SME owners need to ensure that they are informed about the type of funding available.

“New institutions and types of funding are introduced each year. There is also a host of financing products available, ranging from cost-sharing loans, enterprise development funding, and equity investments, to conventional business loans, revolving loans and guarantee funds. Each option has different advantages which could be beneficial for businesses at various stages.”

Lastly, Roelofse says that funding institutions and the rest of the private sector can also do their part to improve the state of SME funding in the country.

“To start, financiers should continue to look for ways to improve the process of applying for finance. This should include deploying technology in order to attract more SMEs to their offering.”

To this he adds that large corporate businesses should help SMEs to better maintain consistent cash flow.

“The majority of the challenges that SMEs face, both before and after securing funding, come down to cash flow. Large companies who subcontract work to SMEs can help to keep the cash flow in these businesses up by dividing contracts into smaller portions. A ZAR10 million contract, for instance, can be broken down into ten ZAR1 million invoices that can be paid throughout the duration of the contract. This way the SME can show continued cash flow during their application.”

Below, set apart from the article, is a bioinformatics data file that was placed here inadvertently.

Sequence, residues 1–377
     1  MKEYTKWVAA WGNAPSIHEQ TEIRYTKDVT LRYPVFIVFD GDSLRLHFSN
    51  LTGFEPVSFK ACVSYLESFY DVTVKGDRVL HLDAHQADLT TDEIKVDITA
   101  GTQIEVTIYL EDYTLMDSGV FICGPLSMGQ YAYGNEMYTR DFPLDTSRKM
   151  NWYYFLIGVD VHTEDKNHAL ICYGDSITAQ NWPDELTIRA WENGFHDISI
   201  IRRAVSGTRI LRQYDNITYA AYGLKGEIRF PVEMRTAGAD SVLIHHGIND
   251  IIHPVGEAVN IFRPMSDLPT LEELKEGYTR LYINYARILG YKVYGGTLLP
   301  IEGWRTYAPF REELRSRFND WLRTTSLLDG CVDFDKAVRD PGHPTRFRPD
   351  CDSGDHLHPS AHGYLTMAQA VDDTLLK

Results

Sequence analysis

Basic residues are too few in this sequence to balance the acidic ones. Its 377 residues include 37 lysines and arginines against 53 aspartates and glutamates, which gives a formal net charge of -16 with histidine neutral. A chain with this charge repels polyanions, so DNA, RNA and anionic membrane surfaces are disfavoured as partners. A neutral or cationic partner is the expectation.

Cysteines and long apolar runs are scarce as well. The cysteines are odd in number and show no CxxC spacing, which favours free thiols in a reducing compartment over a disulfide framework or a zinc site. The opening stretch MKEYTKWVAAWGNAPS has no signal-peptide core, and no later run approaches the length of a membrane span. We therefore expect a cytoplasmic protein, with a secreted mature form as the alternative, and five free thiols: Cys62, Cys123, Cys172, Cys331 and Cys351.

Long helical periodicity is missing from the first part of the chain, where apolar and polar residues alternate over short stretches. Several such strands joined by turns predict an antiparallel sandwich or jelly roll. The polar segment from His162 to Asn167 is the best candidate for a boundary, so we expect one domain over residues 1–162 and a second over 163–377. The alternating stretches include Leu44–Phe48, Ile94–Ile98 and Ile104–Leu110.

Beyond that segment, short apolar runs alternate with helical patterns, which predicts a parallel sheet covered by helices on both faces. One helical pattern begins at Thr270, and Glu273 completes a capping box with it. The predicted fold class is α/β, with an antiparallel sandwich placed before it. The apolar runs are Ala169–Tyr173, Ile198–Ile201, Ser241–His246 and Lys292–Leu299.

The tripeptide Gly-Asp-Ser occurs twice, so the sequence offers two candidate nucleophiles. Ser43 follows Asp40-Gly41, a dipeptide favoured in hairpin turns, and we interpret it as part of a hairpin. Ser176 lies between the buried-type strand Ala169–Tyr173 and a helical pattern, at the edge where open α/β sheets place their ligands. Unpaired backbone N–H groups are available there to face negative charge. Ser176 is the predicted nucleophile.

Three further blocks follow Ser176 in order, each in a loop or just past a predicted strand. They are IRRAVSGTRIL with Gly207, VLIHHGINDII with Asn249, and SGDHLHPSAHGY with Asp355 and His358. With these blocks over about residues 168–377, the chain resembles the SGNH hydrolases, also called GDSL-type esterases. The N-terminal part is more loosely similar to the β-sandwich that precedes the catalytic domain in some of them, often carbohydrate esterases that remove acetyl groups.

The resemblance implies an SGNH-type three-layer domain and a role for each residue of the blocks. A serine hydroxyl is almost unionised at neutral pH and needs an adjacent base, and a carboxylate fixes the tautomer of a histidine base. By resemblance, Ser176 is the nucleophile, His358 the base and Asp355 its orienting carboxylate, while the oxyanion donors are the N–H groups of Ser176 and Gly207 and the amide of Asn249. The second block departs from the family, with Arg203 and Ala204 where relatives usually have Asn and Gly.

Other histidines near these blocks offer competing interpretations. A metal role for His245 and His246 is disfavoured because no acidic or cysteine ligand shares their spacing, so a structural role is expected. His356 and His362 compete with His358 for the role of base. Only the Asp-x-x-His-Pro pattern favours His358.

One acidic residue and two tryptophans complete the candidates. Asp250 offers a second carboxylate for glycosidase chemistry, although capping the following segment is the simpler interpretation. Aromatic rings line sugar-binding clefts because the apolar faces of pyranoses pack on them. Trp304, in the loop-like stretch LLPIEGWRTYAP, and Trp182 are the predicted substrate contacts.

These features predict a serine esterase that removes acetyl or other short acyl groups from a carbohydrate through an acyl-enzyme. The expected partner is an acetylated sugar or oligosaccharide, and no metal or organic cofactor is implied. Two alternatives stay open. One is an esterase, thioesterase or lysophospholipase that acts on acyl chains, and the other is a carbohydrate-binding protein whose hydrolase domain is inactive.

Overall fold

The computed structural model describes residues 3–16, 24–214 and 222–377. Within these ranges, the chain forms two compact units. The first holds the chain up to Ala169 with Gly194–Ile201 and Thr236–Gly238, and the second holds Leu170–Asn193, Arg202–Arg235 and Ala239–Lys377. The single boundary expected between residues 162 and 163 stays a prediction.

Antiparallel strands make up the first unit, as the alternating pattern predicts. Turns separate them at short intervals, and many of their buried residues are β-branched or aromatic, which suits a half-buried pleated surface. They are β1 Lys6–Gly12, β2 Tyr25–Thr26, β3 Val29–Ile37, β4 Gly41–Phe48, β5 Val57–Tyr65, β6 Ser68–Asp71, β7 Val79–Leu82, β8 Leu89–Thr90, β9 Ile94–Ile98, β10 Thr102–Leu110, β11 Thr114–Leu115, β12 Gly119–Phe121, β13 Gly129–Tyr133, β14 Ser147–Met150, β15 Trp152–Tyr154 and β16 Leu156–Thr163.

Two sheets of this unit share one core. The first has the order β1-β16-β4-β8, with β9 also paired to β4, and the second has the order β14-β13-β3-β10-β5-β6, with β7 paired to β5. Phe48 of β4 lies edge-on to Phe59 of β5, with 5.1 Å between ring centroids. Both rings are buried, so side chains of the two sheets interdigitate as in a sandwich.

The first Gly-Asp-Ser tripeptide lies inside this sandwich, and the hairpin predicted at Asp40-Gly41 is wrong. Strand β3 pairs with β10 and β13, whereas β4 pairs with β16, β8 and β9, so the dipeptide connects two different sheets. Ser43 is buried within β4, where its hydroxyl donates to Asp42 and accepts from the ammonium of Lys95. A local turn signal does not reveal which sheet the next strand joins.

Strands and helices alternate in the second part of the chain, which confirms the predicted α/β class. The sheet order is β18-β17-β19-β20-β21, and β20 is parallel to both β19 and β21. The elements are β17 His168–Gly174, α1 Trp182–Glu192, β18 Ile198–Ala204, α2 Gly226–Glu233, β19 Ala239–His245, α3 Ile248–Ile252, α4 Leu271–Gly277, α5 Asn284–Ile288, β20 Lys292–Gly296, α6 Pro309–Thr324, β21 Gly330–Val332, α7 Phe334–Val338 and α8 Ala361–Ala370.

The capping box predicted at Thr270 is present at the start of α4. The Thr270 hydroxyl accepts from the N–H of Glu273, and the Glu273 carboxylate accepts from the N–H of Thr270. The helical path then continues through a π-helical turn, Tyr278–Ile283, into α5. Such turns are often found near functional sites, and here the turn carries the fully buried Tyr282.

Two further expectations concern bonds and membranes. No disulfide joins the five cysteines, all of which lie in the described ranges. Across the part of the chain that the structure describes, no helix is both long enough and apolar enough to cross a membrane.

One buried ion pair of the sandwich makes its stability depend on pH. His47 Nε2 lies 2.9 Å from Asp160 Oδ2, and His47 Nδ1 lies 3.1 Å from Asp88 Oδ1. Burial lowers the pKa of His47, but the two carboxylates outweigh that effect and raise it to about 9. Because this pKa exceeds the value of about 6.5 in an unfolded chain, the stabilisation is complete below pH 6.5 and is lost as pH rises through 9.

“SMEs are widely regarded as a crucial component of South Africa’s economy, and improving access to small business funding is becoming increasingly important to the country’s growth prospects. The good news is that the funding opportunities for small businesses are growing exponentially. Now it is a matter of making it easier for the right businesses to connect to the right financiers,” concludes Roelofse.


About Author

Thabo Mphahlele is the BizNis Africa Head of Sales and Marketing. Mphahlele was previously MultiChoice Production Support Analyst responsible for developing and monitoring applications. In addition, Mphahlele develops and automates batch scripts and is responsible for the daily infrastructure maintenance at MultiChoice. As a Production Support Analyst, he is responsible for incident analysis solving , developing and constructing business reports for SQL and Oracle and implement change controls for the business. Additional responsibility includes monitoring system performance via SOA, Kibaba (Elasticsearch), H.P BSM, HP Sitescope. Mphahlele is responsible for creating infrastructure performance reports through HP Ops Analytics, monitoring payments via Splunk and in-house built-in tool and disaster recovery simulation and testing. At Nashua Mobile, he was responsible for application development and enhancing the web sites At South West Gauteng College, he was the IT Technician and Network Administrator. During his tenure at Double Digit Media, he was he focused on application and web site development for new and existing clients Mphahlele contributes as a Content Manager for BizNis Africa.